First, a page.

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Sunday, August 25, 2013
The Pastor's Viewpoint
Our Pope, Francis I, is the first pontiff in recent memory who has broad pastoral experience. Both as a Jesuit and as a bishop, he chose to exercise his leadership as a servant of people, living and ministering in their midst. He has a rather direct and effusive way of speaking. He eschews elaborate attire and protocols. He loves to greet people with a handshake or a hug, and he genuinely wants to know them and the joys and sorrows of their lives.
Pope Francis seems committed to the ancient doctrine of collegiality reaffirmed by Vatican Council II. He believes in shared governance with his brother bishops, seeing their collaboration and wisdom as needed components in his own ministry. He is aware that this vision of exercising authority goes against old European-style absolute or monarchical governing models.
He is concerned to identify with Jesus Christ’s servant leadership. So, gold, jewelry, thrones, crowns, and costumes from medieval monarchs, all of which would emphasize imperial power, he deplores. He intuitively knows the importance of trusting those in the vineyard who daily are listening to people’s stories.
Pope Francis was chosen by his fellow cardinals to be a reformer of Vatican bureaucracies that have tended, in recent years, to want to be served rather than to serve. He wants to listen to all human concerns, not simply those concerned with preserving the past.
I expect him to pay close attention to national bishops’ conferences, women religious, and clergy and laity across many cultures and traditions of believing. Pope Francis desires to be a patient listener to voices of faith from a wide spectrum of experiences.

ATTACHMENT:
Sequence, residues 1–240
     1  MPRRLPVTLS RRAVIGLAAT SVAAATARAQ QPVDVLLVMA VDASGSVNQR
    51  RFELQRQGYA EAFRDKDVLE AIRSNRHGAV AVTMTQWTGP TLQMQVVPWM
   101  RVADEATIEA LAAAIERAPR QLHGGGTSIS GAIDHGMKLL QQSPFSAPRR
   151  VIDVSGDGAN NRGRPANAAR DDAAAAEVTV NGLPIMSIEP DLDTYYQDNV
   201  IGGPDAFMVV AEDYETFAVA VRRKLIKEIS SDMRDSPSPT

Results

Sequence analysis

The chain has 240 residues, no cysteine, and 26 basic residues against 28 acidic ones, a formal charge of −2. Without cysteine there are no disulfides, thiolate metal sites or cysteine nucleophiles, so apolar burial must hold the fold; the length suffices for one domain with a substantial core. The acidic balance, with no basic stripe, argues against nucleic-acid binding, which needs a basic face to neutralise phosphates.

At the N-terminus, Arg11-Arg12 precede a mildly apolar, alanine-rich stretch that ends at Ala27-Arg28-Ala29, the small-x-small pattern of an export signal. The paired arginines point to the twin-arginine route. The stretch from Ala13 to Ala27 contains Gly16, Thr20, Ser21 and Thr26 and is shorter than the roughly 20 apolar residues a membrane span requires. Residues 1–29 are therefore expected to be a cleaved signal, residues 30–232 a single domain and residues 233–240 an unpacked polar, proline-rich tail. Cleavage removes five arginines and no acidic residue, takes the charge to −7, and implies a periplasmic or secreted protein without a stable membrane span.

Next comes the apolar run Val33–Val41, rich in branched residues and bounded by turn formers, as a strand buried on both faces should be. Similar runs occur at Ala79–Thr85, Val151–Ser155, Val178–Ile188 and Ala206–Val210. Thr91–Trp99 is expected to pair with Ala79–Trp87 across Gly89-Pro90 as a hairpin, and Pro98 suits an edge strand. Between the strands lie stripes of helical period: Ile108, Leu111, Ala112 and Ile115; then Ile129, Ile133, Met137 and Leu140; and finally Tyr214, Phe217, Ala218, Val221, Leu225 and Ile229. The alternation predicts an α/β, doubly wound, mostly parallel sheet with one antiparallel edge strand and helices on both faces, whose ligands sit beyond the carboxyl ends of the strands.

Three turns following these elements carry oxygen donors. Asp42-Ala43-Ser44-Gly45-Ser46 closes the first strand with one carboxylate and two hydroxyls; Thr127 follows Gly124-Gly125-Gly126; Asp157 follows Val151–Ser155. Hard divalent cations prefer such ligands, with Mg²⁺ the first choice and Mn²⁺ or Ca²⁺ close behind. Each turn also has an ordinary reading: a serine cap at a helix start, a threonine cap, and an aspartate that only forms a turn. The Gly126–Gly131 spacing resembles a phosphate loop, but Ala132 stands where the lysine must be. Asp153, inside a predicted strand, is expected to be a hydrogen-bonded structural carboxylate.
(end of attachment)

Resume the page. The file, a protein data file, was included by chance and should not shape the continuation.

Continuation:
He is the first Pope from outside Europe in thirteen centuries. He is a Pope formed by a New World and its discoveries, challenges, and futuristic imaginings. He has a natural rapport with people. His homilies are often dialogues with those present. He teaches off peoples’ responses to his questions. He continues to ask people to bless him and his ministry. He is aware that St. Francis of Assisi was charged by God to repair the Church of his day.
This Pope believes the servant-leaders should walk among their people, listening and supporting them. A good shepherd needs to know his sheep. Our new Pope is a captivating man, listening in many ways to God’s Spirit at work in our midst.
Future days will tell the story of his leadership of the Church. Let us prayerfully support him. He is charged with a mission of immense importance, of complex dimensions, and of worldwide influence.